Political Science ETDs


Shannon Terry

Publication Date



Despite the conventional wisdom that U.S. social policies represent the emergence of a monolithic, racialized system of poverty governance that is purely punitive, there is increasing evidence that many states are repealing disciplinary social policy measures. In fact, several states are increasingly adopting enabling policies that are aimed at increasing public benefits to restore social equity among low-income families. These developments challenge current depictions of the landscape of the U.S. welfare state and they suggest that social and early childhood health policy choices may not simply emanate from a unified conservative social movement and racialized social structures. This dissertation fills a critical gap in the literature by examining the development of social welfare policies over time and it widens the scope of analysis to include early childhood health policies that are targeted towards low-income families. Challenging structural explanations of reform, the dissertation re-focuses our attention to the politics of social and health policy outcomes. Using a mixed methods design, this dissertation finds that conservative social movements have influenced both the development and repeal of stringent social policy measures such as family caps. I also find that evidenced based policymaking and the rise of the infant mental health movement played a key role in the development of the early childhood policy strategies adopted throughout the two-thousands. At the service delivery level, this logic has bred the adoption of multiple instrumental strategies in which health policy interventions are selectively invoked to accomplish predetermined goals. One key consequence has been that marginalized families are subjected to participating in vast surveillance systems that document their childrens development, their emotional health, domestic violence and many other 'risk' factors.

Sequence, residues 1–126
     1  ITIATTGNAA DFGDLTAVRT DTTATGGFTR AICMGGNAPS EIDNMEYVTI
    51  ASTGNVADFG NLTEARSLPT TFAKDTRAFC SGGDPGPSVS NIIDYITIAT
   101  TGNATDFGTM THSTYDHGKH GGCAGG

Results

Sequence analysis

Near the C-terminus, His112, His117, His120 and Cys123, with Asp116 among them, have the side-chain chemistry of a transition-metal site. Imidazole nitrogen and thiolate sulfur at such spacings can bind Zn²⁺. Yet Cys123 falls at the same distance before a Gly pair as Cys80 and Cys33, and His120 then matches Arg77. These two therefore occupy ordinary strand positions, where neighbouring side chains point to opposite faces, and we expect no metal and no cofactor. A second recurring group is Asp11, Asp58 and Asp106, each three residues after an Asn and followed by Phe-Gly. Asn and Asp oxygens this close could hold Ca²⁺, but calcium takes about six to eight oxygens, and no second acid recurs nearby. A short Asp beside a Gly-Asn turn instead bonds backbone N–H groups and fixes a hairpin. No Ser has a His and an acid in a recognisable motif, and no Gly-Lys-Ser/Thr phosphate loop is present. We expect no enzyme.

Degree Name

Political Science

Level of Degree


Department Name

Political Science

First Committee Member (Chair)

Krebs, Timothy

Second Committee Member

Wallerstein, Nina

Third Committee Member


Project Sponsors

National Institutes of Health




early childhood social policy paternalism health policy home visitation

Document Type